Divorce Questions

Frequently Asked Questions

Frequently Asked Divorce Questions

Need a divorce? Residence in the state of Florida for at least six months will entitled you to be divorced in Florida, even if your spouse does not live in Florida.

The usual uncomplicated divorce may take between 3 to 6 months. If uncontested and all matters are agreed to in advance, it could take only a few weeks. Please note, a divorce is aggressively contested, involving complex legal issues, can take more than a year.

The cost of divorce ranges in price based on the amount of time and effort to draw a conclusion. It depends on how much time your attorney puts into your case and the course of action you chosen to pursue. Each case is different and depends on the complexity involved and the extent of disagreement between the parties.

There is no an easy answer for all cases. It will depend on many factors and your particular circumstances. The most important factor is the need of one spouse to be supported and the ability of the other to pay support.

Basic grounds for a divorce may be irretrievably broken. Also, Florida is a “no fault” divorce state.

No. You can represent yourself. It’s advisable to check with a lawyer and ensure you’re not missing anything and the paperwork is correct and in order. Also, remember the old adage, “The person who represents himself has a fool for a client.” Also, a lawyer will be objective and uncluttered by emotional issues that can cause mistakes. Florida law can be involved and confusing, even if the emotion is eliminated and matters of dispute seem to have agreement. It’s highly recommended to consult with an experienced Marital and Family law attorney before you sign an agreement. Unforeseen circumstances may occur that you may not be cognizant or aware of certain repercussion that may cause your legal rights to be unprotected.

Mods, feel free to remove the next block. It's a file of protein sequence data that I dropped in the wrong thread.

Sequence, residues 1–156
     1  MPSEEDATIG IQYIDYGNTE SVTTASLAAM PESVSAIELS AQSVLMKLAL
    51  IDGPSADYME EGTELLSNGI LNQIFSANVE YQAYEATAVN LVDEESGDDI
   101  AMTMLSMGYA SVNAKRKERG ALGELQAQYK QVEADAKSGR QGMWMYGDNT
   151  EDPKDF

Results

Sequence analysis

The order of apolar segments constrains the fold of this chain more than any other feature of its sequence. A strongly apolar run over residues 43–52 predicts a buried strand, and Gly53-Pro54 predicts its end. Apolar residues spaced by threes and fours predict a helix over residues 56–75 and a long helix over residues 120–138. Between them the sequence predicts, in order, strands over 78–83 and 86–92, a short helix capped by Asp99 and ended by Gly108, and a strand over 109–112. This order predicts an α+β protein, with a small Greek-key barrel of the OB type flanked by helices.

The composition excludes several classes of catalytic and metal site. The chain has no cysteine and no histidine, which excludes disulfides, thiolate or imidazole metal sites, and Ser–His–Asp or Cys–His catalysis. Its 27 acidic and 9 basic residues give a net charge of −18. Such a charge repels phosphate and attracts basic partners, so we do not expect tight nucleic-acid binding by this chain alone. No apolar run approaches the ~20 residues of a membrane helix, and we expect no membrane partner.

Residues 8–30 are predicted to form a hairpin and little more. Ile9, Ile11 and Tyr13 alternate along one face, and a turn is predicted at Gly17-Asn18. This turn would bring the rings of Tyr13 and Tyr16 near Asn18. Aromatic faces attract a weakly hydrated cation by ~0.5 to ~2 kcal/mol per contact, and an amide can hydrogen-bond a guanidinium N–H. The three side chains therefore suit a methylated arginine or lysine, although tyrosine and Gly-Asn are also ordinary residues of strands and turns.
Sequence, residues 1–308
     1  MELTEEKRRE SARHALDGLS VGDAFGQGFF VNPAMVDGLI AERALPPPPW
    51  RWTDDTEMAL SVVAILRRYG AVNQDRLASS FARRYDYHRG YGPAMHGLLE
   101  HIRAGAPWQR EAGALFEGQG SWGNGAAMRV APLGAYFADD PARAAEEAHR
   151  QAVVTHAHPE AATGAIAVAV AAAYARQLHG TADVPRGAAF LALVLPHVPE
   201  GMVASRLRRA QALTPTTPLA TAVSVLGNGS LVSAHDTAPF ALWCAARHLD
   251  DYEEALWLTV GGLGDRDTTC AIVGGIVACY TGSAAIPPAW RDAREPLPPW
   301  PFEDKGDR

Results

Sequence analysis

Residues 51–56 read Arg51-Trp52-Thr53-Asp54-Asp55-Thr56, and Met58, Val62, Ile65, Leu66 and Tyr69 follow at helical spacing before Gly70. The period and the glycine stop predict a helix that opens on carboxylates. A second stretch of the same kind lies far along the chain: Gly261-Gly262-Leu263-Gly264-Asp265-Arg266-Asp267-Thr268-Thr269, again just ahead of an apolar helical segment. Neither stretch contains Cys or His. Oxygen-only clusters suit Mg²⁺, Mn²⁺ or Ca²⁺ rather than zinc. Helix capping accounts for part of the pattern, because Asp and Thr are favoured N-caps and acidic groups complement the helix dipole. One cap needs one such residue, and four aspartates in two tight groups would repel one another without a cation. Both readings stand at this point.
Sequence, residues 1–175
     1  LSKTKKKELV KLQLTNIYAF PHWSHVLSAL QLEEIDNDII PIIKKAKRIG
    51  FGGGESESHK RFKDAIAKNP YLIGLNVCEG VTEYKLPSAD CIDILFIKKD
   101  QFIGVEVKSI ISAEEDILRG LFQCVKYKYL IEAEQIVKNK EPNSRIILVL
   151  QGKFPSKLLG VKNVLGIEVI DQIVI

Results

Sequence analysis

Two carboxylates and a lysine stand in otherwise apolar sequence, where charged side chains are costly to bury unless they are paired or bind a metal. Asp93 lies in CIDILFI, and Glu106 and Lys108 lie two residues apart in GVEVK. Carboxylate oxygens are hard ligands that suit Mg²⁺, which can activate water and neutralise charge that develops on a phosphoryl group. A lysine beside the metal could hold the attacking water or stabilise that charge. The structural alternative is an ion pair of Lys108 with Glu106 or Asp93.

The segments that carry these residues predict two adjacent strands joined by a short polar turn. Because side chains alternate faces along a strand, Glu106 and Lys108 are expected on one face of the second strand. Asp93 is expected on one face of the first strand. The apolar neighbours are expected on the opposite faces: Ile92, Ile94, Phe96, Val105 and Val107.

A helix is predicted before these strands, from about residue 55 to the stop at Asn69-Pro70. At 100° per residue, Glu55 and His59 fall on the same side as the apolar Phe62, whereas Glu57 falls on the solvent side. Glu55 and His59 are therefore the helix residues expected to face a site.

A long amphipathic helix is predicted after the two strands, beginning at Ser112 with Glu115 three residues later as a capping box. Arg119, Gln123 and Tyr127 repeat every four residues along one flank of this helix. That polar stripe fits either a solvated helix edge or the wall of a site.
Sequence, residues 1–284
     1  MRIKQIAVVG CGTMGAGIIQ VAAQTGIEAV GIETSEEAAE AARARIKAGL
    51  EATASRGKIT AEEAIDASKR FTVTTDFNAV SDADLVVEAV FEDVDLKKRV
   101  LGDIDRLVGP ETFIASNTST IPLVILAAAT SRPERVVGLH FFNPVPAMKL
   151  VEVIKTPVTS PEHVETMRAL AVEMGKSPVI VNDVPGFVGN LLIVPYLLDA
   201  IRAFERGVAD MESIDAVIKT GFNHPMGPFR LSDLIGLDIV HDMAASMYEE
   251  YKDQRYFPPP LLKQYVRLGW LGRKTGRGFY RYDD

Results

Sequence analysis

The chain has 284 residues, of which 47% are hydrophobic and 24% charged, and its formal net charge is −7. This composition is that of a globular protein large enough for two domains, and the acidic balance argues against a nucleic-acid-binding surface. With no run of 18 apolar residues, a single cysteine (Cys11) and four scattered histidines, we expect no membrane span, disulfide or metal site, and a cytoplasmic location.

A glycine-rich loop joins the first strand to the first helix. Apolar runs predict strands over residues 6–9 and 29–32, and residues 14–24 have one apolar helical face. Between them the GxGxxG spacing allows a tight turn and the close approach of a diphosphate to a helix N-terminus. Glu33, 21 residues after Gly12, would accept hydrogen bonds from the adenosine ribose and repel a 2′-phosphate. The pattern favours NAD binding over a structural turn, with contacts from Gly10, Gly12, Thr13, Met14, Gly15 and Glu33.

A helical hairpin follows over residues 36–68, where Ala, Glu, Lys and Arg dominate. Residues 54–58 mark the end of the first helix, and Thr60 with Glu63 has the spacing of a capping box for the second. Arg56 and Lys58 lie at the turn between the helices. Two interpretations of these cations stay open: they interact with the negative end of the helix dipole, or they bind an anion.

When parties involved cannot agree, the judge will make the decision that is perceived to be best interest of the child. This is a very difficult and complicated area of Family Law. The Florida law is slowly changing towards a more equitable time sharing arrangement, rather than the old-fashioned of “alternate weekends” or the “weekends only” approach. Please be aware each case is different and involves unique situations.

There is no an easy answer for all cases. It will depend on many factors and your particular circumstances. The most important factor is the need of one spouse to be supported and the ability of the other to pay support.

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